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Nutrition for adaptation to endurance training

I am fairly well versed in the nutrition advice of all the writers here at T-mag, but I am curious as to their responses about endurance training recovery. For instance, what is the best form of eating to recover from an hour steady state workout? How about a 3x6k workout bordering on anaerobic threshold (and ending thouroughly anaerboic)? An anaerobic sprint workout (10x500m or 5x1k)? Something more explosive (but without the same load as a lift), like 200ms? How about two-a-day workouts? Should I partition the insulin and glucose to the more savage workouts? Do I lose anything in sensitivity with two workouts (as in too much activity)?

In fact, that leads to another point, how should one eat if seriously pursuing strength and power training. As in, if following a strength program a la the one by Staley, then how would one want to time the nutrients to the workout. Is it even important to the sort of adaptations made in explosive training?

Alright, I’ve raised a lot of questions and would appreciate all responses. I am currently suffering from a lack of progress towards my athletic goals and am thinking about how I can fine-tune my diet to help. And furthermore, most of the sites I have looked at for nutrition for endurance athletes, and rowers in particular, have made me sick.


Aerobic, steady state. I woudn’t do anything special. Just continue to follow your normal diet to maintain or cut. I’m guessing that you’re probably not trying to bulk, that your goals are more performance driven.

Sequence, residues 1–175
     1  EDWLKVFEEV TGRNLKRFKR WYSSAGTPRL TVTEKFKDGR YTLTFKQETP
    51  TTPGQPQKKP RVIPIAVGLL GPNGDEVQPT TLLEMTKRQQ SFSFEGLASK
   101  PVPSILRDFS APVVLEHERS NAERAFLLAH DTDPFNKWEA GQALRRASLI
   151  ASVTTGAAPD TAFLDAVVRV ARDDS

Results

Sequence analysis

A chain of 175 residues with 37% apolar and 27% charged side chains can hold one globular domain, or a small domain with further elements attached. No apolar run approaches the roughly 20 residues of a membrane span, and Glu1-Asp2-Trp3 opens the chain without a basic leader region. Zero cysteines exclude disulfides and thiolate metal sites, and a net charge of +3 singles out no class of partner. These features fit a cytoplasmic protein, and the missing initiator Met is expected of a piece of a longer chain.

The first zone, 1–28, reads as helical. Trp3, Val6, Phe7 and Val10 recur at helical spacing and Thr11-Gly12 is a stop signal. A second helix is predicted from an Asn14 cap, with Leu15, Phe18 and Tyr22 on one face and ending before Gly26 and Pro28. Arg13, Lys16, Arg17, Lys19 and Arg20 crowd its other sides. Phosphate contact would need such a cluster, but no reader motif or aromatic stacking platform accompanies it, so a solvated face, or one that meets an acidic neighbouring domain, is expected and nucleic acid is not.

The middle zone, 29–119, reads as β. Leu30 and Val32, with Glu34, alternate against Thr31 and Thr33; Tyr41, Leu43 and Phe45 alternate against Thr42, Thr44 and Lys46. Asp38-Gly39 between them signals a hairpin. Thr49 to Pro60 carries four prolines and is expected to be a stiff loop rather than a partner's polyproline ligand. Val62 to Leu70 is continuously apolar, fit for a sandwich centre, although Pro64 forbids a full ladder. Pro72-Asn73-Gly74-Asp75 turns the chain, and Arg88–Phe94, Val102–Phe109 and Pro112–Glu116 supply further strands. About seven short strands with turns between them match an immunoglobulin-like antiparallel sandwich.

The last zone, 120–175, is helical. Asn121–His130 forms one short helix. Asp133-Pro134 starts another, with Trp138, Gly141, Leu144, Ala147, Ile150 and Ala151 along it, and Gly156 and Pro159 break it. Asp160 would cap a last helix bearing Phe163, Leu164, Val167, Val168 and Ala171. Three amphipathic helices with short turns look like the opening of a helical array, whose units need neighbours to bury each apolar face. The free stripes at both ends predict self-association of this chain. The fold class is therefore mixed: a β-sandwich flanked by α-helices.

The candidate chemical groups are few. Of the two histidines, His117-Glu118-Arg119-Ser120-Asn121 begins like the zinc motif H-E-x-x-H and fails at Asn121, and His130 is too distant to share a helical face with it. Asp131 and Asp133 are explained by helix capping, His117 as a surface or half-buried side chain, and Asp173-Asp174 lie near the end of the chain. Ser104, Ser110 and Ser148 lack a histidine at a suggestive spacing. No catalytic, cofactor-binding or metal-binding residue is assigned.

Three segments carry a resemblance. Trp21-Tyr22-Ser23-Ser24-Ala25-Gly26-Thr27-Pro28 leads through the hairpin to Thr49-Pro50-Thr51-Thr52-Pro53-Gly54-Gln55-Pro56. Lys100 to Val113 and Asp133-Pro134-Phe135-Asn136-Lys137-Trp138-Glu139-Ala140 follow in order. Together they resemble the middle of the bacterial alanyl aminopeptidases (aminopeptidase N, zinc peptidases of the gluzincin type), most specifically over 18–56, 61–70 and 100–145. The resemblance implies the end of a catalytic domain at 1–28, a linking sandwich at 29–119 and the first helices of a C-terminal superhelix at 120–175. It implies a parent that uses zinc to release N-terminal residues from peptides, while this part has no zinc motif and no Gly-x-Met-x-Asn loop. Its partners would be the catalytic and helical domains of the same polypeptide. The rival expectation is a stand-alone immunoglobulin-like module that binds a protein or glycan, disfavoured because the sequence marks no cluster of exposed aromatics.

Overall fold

Anaerobic, roughly an hour in duration. You’d benefit here from good PWO nutrition. Read “Solving the Post Workout Puzzle,” I & II by John Berardi to see what’s going on with your body physiologically and how best to maintain, preserve LBM.

In general, the way to approach your diet is to make sure, first that you’re getting enough protein. Take in 1.5g of protein X LBM, divided by at least 6 meals. Make sure you’re getting in at least .5g x LBM of QUALITY fat. Read the chapter on athletes in Barry Sears’ book, “The Omega Zone” and you’ll be hooked on EPA/DHA for life! Also be sure to get in some monounsaturated and saturated fat.

From there, start adding in carbs of the starchy variety PWO. Continue to raise carbs (or lower them) to support energy levels and maintain scale weight. Carbs are raised if you start losing weight (or losing weight too quickly when cutting) or if energy levels suffer. Carbs are lowered if you start gaining weight and don’t want to.

Fat might not be something you’ve given consideration to, but endurance athletes and exercise physiologists are playing around with fat loads. Lots of controversy in this area, but I’ve had some experience with it, and properly done, I have seen better energy and endurance.

Even if you don’t buy into the concept of a fat load (to top off IMTGs), make sure you’re taking in the amount of fat I recommended above. It will serve your purposes well for health as well as performance, and it will not be destructive to body composition.

Hope that’s helpful. If you have any other questions, don’t hesitate to ask.

TT of course as always gave SOLID well educated advice.

Just wanted to add that JB has an article directly about endurance athlete nutrition on his site that may help you.